(CNN) -- Gary Coleman's cremation will have to wait until at least Monday afternoon as a Utah judge considers arguments about who should control the late actor's estate, the judge ordered Friday.
Coleman named former manager Dion Mial as executor in a 1999 will, but his ex-wife is challenging that document and claims she was still legally married to him as his common law wife when he died last month.
Coleman's remains are at a Utah mortuary, awaiting direction from Utah District Judge James Taylor as to who can decide what happens to the body. While ex-wife Shannon Price and Mial agree Coleman wanted to be cremated, they are at odds on other details.
Taylor published an order Friday saying cremation must wait at least until after a hearing Monday afternoon where arguments over Coleman's estate will be presented.
Price, 24, filed a legal challenge for control of the late actor's estate with a Utah court Thursday.
Mial was appointed special administrator of the estate last week when his lawyer presented the court with the 1999 will.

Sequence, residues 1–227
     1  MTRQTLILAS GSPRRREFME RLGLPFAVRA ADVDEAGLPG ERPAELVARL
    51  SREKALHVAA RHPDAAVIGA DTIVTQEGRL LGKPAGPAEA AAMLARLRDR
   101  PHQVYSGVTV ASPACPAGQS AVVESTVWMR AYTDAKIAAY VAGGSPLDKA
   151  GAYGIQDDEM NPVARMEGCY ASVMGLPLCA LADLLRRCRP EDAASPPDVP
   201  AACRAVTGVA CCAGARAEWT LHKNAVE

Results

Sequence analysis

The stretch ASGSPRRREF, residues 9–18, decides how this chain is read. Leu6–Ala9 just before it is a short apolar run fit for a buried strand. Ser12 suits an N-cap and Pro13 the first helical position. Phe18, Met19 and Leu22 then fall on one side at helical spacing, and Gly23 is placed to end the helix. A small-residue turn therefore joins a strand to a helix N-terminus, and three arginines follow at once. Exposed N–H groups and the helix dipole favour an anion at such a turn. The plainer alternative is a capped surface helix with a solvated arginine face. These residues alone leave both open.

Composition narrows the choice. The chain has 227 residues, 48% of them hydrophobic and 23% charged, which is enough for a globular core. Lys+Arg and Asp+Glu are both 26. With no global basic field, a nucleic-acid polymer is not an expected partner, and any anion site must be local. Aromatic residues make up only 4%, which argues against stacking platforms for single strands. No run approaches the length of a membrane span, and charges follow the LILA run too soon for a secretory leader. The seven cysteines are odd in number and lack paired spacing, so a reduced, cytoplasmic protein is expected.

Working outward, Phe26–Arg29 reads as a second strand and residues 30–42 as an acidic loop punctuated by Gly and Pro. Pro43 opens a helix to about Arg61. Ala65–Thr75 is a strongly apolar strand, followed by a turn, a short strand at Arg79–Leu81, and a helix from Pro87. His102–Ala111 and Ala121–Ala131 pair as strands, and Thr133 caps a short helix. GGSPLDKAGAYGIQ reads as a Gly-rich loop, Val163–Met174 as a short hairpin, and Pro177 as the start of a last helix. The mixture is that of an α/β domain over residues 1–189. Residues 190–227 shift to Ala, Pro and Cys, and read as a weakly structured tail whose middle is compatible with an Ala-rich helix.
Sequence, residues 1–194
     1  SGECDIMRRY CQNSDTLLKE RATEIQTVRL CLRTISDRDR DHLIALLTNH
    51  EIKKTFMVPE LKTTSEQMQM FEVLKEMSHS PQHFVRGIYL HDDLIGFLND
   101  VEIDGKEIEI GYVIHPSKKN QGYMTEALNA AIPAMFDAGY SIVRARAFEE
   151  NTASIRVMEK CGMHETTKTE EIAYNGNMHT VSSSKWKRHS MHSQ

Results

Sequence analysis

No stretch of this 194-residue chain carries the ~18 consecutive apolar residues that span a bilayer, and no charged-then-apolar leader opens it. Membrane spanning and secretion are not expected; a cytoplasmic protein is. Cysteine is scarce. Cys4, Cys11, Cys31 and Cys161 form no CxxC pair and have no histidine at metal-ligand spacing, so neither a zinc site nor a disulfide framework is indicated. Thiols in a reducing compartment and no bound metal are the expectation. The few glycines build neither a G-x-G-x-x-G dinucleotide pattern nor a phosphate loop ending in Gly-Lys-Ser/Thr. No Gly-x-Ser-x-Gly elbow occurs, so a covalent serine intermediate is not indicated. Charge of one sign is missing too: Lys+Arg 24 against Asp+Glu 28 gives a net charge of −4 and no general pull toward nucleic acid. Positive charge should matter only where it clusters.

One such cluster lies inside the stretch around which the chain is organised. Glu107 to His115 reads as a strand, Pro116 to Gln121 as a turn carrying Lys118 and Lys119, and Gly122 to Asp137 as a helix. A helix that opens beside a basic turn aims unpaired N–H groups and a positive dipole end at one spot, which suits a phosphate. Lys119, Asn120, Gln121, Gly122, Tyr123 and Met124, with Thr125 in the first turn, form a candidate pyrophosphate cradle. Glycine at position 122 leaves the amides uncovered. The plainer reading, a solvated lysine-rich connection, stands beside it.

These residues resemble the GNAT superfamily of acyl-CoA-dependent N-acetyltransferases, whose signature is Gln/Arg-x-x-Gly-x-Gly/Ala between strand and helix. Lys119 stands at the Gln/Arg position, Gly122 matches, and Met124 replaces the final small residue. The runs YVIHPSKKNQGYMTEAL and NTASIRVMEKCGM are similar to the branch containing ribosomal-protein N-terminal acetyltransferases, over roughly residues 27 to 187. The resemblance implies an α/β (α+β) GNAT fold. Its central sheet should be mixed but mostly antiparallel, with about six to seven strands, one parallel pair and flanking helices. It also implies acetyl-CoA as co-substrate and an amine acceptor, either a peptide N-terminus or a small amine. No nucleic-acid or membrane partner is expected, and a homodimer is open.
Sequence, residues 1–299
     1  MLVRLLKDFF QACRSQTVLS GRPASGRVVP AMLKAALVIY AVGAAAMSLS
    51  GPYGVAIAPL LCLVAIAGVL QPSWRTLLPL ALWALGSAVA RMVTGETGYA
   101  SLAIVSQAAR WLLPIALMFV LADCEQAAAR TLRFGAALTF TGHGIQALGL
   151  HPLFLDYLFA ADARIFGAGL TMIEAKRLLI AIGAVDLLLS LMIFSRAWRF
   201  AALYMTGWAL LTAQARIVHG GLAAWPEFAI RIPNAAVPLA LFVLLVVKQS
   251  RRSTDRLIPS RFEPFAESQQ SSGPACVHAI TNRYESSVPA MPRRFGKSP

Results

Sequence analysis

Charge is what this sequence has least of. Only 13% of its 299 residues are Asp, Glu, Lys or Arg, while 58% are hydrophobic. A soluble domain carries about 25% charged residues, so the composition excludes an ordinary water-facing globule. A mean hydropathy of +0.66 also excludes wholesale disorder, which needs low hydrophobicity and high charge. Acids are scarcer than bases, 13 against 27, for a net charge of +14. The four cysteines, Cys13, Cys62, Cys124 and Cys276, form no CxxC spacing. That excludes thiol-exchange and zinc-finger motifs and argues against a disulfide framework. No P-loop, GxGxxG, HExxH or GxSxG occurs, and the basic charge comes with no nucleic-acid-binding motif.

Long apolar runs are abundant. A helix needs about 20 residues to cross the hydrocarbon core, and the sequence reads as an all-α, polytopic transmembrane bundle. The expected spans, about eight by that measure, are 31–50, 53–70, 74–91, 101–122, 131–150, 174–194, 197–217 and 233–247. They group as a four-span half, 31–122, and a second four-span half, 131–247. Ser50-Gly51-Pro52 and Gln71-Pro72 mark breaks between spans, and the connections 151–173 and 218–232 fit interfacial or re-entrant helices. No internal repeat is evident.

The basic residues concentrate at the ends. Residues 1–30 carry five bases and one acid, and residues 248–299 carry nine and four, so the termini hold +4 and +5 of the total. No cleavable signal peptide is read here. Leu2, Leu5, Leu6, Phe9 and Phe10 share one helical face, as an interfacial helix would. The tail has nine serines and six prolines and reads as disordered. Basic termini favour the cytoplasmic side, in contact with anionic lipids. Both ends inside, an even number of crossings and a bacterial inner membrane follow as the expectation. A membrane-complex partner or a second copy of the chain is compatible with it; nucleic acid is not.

Price's petition asked the judge to overturn that appointment and make her the special administrator, which would allow her to control decisions on his funeral and cremation.
"To strip Price's ability to make these decisions and to deprive her from acting for and on behalf of her deceased spouse, at least until a hearing is scheduled, would be a manifest injustice and would strip her of every shred of dignity that she possesses," her petition said.
Mial has ordered Price to stay away from the Utah home the couple shared before Coleman's death and to return all of his property, including a truck.
Coleman divorced Shannon Price in 2008, but they were living together at the Santaquin, Utah, home when he fell there last month. He died two days later of a brain hemorrhage in a Provo, Utah, hospital.
Price argued in her petition that she should be legally recognized as Coleman's common law wife.
"Notwithstanding the divorce decree, Price and the decedent continued to have a romantic relationship and engaged in romantic and sexual relations," the petition said.
The divorce was a secret, and they still held themselves out to the public as husband and wife, it said.
"They fought on occasion," the petition noted.
Price is also challenging the 1999 will, saying the probate court should instead accept a 2007 document that was handwritten by Coleman.
CNN's Brittany Kaplan and Jack Hannah contributed to this report.